Boria (Kalahandi) Orissa, Feb.11 : Farmers in Orissa's Kalahandi District, where famine used to be a recurring phenomenon, are reaping it rich today by taking up banana cultivation on a massive scale.
The initiatives to persuade farmers to take to banana growing, was taken by State's horticulture department. Agronomists and other horticulture experts have motivated the local farmers to try out these different crops in place of regular paddy crops.
Until three years ago, Kalahandi was described as a drought prone region and farmers' condition was pitiable. Today, there is greenery due to banana plantation. Farmers here have taken up banana (also known as plantains) cultivation on a massive scale.
Around 12,000 acres of agricultural land is under extensive banana cultivation in Kalahandi alone.
A farmer, on an average, has to spend about rupees 30,000 (758 dollars) for banana cultivation in one acre area of land for a year and can earn around rupees 70,000 (1,770 dollars) or more as net profit.
"Banana farming is a profit making business for us. My fellow farmers informed me about this. In 2005, I started investing in this. I invested rupees 40,000 (1,010 dollars) on one acre of land and earned profits up to a lakh rupees (2,527 dollars) in a year," said Rameshwar Saha, one of the farmers in Boria Village.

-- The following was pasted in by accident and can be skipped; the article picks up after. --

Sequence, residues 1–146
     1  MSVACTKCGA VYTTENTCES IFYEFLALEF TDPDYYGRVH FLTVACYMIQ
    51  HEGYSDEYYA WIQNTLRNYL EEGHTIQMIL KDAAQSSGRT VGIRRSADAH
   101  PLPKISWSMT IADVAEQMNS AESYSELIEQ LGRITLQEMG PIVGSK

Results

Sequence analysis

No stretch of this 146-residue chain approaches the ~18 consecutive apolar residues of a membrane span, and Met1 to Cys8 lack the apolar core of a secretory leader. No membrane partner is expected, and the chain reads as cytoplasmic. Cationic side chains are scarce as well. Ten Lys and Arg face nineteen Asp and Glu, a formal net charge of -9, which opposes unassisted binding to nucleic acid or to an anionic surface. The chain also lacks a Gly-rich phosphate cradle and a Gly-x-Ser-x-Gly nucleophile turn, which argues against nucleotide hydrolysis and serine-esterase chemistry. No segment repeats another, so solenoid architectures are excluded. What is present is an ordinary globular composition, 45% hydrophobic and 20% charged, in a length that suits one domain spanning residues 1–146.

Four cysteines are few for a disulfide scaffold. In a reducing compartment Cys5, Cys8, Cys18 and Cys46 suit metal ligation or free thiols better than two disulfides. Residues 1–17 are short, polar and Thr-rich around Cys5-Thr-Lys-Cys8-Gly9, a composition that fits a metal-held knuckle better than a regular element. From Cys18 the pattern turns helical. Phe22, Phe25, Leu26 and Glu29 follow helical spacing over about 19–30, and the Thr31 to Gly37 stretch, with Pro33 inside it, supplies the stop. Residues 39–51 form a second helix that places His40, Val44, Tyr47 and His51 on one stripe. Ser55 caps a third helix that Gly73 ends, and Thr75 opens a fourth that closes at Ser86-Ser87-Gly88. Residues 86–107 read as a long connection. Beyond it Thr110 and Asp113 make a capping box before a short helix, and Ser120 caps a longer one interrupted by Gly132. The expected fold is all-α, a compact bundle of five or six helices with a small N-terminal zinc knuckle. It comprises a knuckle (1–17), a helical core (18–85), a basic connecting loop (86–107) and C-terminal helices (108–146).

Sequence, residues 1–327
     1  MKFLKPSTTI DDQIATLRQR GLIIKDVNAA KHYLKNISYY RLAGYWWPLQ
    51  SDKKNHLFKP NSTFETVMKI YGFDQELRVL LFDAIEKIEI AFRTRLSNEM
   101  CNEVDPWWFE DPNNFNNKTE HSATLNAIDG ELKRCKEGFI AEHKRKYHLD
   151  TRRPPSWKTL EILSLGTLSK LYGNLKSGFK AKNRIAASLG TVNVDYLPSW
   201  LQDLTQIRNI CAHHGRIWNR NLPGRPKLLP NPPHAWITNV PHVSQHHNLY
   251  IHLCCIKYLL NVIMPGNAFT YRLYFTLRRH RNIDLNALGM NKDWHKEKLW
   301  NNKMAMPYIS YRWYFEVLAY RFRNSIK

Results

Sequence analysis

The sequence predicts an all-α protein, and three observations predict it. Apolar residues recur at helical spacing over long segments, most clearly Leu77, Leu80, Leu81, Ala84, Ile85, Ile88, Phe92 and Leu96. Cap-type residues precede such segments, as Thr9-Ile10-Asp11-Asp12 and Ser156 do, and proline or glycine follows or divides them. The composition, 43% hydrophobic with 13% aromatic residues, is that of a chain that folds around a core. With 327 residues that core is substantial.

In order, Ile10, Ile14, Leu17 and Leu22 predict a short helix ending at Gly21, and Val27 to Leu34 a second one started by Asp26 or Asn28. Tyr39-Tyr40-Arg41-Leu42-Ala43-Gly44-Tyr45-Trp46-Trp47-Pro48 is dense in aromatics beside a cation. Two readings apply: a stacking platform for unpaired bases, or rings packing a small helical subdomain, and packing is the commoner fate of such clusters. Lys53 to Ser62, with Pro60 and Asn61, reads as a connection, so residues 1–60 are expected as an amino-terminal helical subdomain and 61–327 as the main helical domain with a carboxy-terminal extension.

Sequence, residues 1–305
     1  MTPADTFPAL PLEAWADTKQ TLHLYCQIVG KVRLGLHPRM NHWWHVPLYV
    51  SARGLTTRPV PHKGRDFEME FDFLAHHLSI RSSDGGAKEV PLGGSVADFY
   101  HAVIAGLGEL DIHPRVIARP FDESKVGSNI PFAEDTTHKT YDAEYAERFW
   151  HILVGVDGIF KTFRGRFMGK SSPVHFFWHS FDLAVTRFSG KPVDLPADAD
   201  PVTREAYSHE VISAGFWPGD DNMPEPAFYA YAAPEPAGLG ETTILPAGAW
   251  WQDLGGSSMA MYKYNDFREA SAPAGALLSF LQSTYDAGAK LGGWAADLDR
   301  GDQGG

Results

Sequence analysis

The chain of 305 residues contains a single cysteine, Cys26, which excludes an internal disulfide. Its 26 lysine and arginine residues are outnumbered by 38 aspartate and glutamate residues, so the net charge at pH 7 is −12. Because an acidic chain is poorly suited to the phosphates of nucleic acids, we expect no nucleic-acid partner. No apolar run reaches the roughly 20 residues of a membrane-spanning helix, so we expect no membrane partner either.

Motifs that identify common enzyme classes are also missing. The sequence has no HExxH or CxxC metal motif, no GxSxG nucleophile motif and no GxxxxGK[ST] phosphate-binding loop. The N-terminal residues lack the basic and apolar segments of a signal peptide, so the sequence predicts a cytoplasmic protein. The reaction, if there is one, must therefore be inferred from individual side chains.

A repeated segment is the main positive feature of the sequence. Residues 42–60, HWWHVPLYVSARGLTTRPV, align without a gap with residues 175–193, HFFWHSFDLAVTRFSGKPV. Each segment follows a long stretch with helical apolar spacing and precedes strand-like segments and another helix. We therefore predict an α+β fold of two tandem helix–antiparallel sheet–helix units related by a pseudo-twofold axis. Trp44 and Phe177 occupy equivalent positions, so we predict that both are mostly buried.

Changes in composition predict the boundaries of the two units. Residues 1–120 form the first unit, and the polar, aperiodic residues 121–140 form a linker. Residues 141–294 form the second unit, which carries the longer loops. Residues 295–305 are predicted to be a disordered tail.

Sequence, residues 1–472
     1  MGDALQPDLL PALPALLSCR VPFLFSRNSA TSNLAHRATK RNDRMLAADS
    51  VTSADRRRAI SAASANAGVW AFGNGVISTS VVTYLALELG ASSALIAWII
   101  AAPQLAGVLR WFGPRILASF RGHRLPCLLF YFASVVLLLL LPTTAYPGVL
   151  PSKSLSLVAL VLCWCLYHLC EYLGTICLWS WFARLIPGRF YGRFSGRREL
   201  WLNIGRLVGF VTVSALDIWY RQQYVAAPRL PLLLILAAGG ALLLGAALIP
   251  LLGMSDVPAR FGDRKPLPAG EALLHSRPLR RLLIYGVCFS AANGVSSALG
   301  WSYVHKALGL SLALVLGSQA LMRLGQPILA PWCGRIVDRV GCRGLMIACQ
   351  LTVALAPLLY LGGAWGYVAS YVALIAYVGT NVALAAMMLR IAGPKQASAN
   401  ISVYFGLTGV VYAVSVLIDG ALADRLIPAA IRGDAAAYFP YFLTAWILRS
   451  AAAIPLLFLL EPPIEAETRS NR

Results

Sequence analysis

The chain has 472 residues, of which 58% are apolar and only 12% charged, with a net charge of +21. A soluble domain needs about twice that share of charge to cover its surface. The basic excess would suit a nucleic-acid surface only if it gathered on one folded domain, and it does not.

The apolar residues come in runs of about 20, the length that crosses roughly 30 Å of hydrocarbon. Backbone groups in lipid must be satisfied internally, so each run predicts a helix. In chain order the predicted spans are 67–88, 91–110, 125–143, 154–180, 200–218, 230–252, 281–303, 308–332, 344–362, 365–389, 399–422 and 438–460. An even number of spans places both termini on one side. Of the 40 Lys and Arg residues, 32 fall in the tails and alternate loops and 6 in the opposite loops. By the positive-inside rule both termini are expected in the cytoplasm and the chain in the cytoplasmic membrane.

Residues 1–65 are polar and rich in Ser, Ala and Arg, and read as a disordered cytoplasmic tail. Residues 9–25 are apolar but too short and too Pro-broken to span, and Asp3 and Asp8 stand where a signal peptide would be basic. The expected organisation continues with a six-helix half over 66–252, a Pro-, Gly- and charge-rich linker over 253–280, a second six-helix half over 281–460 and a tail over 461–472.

"Here around 40 acres of banana cultivation is undertaken. A farmer spends rupees 30,000 (758 dollars) on one acre and earns around rupees 70,000 (1,770 dollars) on it. This profited them a lot and had caused a rise in their living standard," said Padma Naik, another cultivator of bananas.
But farmers blame the government for inadequate support, particularly for frequent cuts in electric supply and not giving tax exemption on water.
Under the National Farming Mission around 210 hectares have been given to farmers for banana farming. Further, the government has granted a subsidy of rupees 15,000 (380 dollars) to farmers.
"We have given 210 hectares of land for farmers. We have also given them rupees 15,000 (380 dollars) subsidy and they reimburse it after three years for which they give 50 per cent in the first year and the rest in two years," said Dharanidhar Patra, the Deputy Director with the Horticulture Department in Kalahandi.
The farmers are also covered by insurance.
India produces 16.91 million tonnes of bananas annually from 490.7 thousand hectares, contributing almost 37 per cent of the total fruit production in the country,
Bananas of numerous varieties, all easy to digest, have a regular demand for their rich natural nutrient qualities. By Sarada LahangirANI)